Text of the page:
Cobalt Crimes

If you’re reading Signal today on your phone, you may be financing child labor in one of the poorest countries in Africa without knowing it. A report this week from CBS News revealed that thousands of children are being used to mine cobalt in the Democratic Republic of Congo.


Our Kevin Allison explains that cobalt is an essential component in the lithium-ion batteries that power many of our gadgets, and child labor reportedly persists in the DRC despite a multi-year push by big tech companies, under pressure from activist groups, to clean up their supply chains.

The DRC, site of a war (1997–2003) that killed more than 5 million people, is home to two-thirds of the world’s cobalt. Mining it is toxic work, and the country’s weak central government can’t police working conditions in the informal mines that dot the country’s mineral belt, leaving industry effectively in charge.

Even if it were possible to track every ounce of cobalt that ends up in your Chinese-made iPhone battery and hold mining companies to account, cutting off unscrupulous suppliers could leave both kids and adults in the DRC economically worse off. In many villages, mining is the only way to put food on the table.

President Joseph Kabila, who has defiantly remained in power 15 months beyond the end of his elected term and whose government exerts little control over large swaths of DRC territory, says he’ll sign a new mining code into law that the country’s mining companies aggressively oppose. Will mining companies police themselves? We’re skeptical. Elections are due in December. We’re skeptical about that too.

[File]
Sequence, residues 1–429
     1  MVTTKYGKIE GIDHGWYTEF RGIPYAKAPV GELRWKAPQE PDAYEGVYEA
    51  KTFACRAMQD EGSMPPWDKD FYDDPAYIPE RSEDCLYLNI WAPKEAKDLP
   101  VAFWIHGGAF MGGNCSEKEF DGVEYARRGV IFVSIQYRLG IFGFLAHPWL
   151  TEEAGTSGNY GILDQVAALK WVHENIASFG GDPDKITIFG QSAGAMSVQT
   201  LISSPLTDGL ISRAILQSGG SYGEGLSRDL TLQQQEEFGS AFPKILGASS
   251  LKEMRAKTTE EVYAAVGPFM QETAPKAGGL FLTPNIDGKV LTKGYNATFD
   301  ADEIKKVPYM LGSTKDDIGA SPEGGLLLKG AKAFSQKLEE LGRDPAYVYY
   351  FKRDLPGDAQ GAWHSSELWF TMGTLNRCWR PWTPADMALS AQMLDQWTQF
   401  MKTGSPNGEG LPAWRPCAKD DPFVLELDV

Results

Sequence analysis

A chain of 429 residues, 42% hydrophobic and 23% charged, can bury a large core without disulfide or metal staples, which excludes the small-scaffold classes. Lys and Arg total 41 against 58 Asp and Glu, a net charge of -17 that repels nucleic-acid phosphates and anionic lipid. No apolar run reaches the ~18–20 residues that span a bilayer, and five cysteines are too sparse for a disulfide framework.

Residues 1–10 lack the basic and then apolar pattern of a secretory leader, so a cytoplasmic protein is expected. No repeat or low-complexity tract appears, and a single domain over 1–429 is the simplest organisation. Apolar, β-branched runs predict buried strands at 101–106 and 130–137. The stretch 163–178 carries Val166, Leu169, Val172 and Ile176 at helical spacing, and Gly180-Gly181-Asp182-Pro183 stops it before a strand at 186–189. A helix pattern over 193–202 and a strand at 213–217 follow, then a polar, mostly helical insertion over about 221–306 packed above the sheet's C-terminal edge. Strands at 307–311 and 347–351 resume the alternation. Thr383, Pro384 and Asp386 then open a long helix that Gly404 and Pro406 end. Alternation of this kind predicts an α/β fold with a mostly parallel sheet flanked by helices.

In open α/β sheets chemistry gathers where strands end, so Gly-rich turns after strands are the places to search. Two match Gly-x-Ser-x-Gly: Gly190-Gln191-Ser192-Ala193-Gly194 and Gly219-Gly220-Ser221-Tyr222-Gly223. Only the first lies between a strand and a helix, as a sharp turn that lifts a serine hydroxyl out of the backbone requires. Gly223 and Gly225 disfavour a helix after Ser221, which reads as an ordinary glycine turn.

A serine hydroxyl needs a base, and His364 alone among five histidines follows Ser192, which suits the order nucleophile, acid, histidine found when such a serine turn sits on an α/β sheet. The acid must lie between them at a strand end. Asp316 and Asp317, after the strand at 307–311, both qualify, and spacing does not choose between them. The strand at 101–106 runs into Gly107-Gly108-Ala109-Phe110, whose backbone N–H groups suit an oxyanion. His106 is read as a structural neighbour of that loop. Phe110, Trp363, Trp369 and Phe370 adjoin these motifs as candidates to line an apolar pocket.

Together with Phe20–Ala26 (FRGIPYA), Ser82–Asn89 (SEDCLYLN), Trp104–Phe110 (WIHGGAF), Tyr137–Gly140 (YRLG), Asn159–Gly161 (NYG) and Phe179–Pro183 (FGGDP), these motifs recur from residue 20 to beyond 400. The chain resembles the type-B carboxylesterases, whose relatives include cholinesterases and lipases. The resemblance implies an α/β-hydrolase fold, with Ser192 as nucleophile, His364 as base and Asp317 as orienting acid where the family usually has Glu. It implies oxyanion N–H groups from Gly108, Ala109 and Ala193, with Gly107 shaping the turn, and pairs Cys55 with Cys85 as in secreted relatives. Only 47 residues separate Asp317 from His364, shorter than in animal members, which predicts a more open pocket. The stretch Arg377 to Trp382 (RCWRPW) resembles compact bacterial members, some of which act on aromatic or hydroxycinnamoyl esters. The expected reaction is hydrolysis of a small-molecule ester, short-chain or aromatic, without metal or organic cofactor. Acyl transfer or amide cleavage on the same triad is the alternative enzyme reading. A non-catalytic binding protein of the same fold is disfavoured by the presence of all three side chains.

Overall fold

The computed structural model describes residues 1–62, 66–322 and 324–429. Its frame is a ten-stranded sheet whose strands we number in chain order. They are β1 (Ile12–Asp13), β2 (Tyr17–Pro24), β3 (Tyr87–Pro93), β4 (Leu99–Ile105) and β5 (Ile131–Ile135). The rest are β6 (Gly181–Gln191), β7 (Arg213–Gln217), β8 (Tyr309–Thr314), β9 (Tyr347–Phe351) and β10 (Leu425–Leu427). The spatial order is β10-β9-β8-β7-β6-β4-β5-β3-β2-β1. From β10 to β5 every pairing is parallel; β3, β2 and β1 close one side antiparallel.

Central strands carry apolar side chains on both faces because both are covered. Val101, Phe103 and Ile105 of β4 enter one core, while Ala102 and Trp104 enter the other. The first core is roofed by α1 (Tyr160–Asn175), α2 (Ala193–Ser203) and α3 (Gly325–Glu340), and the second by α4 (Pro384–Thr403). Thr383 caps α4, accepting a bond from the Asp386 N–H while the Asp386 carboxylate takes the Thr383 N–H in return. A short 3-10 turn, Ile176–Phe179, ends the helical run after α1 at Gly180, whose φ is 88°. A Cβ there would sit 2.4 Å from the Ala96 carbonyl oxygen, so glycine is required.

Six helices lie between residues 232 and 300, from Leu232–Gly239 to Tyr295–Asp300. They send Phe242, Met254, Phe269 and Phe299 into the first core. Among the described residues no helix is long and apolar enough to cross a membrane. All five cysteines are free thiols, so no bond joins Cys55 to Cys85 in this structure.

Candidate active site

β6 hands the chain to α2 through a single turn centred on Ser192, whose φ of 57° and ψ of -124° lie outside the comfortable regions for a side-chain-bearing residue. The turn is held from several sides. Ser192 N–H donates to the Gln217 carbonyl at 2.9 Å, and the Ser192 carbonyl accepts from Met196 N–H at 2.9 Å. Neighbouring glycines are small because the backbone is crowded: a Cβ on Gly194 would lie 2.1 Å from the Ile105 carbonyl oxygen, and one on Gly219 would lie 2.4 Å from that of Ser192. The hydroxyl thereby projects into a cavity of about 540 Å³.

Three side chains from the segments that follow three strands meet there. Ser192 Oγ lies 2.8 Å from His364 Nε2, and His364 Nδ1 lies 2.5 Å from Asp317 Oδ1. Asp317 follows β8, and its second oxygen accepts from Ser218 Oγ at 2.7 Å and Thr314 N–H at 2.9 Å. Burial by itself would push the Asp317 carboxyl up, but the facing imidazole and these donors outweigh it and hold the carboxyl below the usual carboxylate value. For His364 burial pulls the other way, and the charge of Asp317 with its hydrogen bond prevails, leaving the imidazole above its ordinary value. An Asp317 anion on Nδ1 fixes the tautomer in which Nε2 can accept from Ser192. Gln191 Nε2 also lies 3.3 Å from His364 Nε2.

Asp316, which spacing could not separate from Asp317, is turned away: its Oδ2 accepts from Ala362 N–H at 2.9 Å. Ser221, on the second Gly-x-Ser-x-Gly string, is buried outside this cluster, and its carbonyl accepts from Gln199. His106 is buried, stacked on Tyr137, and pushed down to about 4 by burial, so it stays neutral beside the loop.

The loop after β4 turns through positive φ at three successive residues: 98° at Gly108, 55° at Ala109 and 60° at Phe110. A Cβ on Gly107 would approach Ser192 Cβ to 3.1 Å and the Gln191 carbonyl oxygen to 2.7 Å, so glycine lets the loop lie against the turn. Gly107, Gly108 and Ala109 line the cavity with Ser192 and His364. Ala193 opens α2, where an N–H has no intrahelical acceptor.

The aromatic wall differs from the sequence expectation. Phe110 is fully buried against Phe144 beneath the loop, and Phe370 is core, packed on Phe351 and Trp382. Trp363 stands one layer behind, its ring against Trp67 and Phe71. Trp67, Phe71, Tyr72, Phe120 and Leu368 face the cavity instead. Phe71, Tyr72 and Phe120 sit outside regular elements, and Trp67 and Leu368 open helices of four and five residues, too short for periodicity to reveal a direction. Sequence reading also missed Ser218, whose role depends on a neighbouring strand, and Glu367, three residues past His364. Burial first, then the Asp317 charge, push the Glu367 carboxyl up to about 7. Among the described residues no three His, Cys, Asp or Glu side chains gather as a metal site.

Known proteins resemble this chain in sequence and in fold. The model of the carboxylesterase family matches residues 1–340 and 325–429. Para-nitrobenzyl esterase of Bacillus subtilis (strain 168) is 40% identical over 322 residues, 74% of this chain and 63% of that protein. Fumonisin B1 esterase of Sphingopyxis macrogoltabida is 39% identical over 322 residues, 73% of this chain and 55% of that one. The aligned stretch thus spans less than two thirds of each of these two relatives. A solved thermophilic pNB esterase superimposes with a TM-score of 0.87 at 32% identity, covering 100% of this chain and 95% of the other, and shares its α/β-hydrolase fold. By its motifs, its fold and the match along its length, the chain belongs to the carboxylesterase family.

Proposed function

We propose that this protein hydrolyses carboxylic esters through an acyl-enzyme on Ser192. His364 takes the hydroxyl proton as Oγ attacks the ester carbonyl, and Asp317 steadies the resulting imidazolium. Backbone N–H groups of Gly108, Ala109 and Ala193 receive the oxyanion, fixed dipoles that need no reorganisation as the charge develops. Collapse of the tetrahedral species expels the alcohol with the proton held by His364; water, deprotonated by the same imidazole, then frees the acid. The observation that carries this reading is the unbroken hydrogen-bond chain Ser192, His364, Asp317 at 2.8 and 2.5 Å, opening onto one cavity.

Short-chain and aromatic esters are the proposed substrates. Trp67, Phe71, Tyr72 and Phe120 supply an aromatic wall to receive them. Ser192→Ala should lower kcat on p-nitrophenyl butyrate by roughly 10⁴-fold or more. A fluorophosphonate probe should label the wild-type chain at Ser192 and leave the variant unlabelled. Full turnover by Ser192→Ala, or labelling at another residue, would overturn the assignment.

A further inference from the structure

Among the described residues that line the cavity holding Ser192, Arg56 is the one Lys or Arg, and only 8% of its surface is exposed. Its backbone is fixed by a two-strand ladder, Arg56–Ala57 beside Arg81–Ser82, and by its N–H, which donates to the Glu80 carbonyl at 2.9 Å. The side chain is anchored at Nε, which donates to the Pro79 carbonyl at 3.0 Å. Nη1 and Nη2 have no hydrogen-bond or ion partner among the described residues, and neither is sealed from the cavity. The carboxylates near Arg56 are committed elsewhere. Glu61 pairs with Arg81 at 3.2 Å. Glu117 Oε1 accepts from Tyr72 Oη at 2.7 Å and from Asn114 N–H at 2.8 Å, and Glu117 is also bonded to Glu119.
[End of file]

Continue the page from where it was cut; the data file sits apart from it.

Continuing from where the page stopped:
The political point: Since 9/11, US policymakers have warned of lawless countries where terrorist groups can live, train, and organize far from watchful eyes. But in a political vacuum like the DRC — a country with dazzling natural wealth and terrible violence over many centuries as outsiders and insiders compete to loot the country’s mineral and metal resources — there are other forms of evil that deserve our attention.

And as our Alex Kliment points out, now you know about it because you read it on your phone.

The Paris Call for Trust and Security in Cyberspace launched in 2018 with the commitment of signatories to stand up to cyber threats like election interference, attacks on critical infrastructure, and supply chain vulnerabilities. Last week, on the first anniversary of the call, the number of signatories has nearly tripled to more than 1,000 and now includes 74 nations; more than 350 international, civil society and public sector organizations; and more than 600 private sector entities. These commitments to the Paris Call from around the world demonstrate a widespread, global, multi-stakeholder consensus about acceptable behavior in cyberspace.

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